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UF hosts international symposium for Global Child Nutrition Month

GAINESVILLE, Fla. — April is Global Child Nutrition Month and researchers with the University of Florida Institute of Food and Agricultural Sciences are working to find innovative ways to combat malnutrition worldwide.

According to 2015 UNICEF, WHO and World Bank estimates, approximately 24 percent of children in the world, roughly 159 million in 2014, suffer from chronic malnutrition, and almost half of all child deaths worldwide are linked to undernutrition.

Thus, scientists from across the globe are gathering at UF on March 29 and 30 to share experiences in research and programs, and to discuss ways to improve nutrition through animal-source foods in some of the most impoverished regions in the world. The theme of the Global Nutrition Symposium, is “Nurturing Development: Improving human nutrition with animal-source foods.”

The effects of malnutrition are devastating, said Adegbola Adesogan, director of the Feed the Future Innovation Lab for Livestock Systems, which is funded by the U.S. Agency for International Development.

“Stunted growth, a sign of malnutrition, has been associated with shorter life spans, impaired cognitive and motor development, reduced economic productivity, and higher adult poverty,” Adesogan said.

The Feed the Future Innovation Lab for Livestock Systems worked to convene the best and brightest minds to tackle the problem of malnutrition. “It is imperative that we improve livestock production and increase animal-source food consumption, which can help reduce stunting and associated growth and developmental problems in children,” Adesogan said. “The symposium will contribute to a global effort to reduce stunting among children under five by 40 percent by 2025.”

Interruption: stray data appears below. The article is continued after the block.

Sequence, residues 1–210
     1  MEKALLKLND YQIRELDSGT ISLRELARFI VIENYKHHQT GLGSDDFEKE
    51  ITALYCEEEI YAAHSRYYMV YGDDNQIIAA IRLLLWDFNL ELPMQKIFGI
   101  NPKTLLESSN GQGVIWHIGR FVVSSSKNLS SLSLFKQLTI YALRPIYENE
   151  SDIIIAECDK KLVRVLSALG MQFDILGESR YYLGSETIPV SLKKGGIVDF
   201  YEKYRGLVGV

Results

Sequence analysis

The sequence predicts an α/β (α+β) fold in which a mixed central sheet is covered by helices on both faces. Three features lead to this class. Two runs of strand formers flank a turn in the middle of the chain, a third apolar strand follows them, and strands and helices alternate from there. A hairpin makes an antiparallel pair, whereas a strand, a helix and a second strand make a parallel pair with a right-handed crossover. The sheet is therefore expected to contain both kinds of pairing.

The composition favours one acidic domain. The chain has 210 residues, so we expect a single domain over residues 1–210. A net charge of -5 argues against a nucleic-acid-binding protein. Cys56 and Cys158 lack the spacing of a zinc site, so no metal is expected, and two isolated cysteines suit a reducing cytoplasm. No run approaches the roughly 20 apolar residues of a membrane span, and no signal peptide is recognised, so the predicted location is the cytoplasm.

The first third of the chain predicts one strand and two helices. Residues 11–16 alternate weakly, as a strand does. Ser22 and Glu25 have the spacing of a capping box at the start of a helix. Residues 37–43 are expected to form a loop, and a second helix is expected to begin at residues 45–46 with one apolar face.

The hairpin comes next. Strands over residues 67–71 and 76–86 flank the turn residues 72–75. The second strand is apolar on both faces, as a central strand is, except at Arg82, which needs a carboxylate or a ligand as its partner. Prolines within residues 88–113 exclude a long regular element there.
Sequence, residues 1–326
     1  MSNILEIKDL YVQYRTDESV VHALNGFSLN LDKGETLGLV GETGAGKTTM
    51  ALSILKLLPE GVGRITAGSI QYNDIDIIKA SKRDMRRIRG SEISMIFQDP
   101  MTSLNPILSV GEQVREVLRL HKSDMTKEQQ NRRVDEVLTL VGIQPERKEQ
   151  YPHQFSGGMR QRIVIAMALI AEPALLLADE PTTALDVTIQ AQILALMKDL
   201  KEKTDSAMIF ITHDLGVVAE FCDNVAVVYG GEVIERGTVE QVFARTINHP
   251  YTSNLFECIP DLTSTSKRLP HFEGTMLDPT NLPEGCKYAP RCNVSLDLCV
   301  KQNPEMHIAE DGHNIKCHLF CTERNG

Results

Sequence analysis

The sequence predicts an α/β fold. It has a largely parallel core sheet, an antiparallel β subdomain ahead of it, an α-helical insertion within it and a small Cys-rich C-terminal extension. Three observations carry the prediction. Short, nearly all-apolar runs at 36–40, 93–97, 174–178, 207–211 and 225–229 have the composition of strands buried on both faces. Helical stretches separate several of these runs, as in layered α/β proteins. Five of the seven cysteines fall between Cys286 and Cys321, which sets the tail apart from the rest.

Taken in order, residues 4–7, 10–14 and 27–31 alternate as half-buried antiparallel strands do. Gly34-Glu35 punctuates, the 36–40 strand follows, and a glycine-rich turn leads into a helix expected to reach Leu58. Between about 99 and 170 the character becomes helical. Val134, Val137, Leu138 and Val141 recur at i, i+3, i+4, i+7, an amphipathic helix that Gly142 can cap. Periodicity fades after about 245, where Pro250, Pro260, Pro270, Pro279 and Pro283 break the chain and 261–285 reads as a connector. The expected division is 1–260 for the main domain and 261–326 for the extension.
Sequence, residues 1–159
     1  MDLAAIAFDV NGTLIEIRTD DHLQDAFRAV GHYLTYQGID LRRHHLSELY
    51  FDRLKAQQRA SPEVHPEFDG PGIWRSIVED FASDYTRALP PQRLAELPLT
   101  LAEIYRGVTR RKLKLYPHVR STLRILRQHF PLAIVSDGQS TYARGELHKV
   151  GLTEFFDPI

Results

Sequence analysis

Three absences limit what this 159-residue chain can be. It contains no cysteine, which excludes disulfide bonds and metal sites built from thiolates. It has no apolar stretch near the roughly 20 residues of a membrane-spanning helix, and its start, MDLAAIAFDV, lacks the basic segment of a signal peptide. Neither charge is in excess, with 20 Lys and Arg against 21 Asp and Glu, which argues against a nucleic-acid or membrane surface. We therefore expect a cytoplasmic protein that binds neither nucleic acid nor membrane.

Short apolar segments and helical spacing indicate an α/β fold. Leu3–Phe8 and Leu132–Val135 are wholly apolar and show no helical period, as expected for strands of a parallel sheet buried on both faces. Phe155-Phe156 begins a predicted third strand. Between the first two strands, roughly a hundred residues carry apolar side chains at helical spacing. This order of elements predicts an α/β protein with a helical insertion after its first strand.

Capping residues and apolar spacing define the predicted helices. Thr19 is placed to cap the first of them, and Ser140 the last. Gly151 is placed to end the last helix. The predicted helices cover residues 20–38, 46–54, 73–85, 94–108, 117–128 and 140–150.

In addition to improving nutrition, livestock production builds up communities, Adesogan said. “Livestock production helps families in developing countries by improving incomes and livelihoods. Having an animal can raise a family out of poor nutrition and poverty,” he said.

Benefits of animal-source food consumption by children and pregnant and lactating women have been well-documented, said Sarah McKune, a UF faculty member in the College of Public Health and Health Profession who leads the Health and Human Nutrition theme of the UF-based Innovation Lab.

“These benefits are driven by the availability of high quality protein that exists in meat, milk, and eggs, as well as high concentrations of certain vitamins and minerals, such as iron and zinc, which are critical for growth, neurological function, and immunity,” McKune said. “But producing animal-source food is not enough – we also have to consider issues impacting access and consumption of animal-source foods, which are, in some areas of the world, the greatest constraints.”

On the last day of the conference, researchers will gather to discuss ways to integrate the most relevant science and field experiences to create effective intervention strategies.

“Our speakers will include eminent researchers at leading U.S. and United Kingdom universities and international research organizations, as well as representatives of donor and development organizations, such as USAID, the Bill and Melinda Gates Foundation, World Bank and Heifer International,” Adesogan said. “The work we are doing will, hopefully, improve many lives.”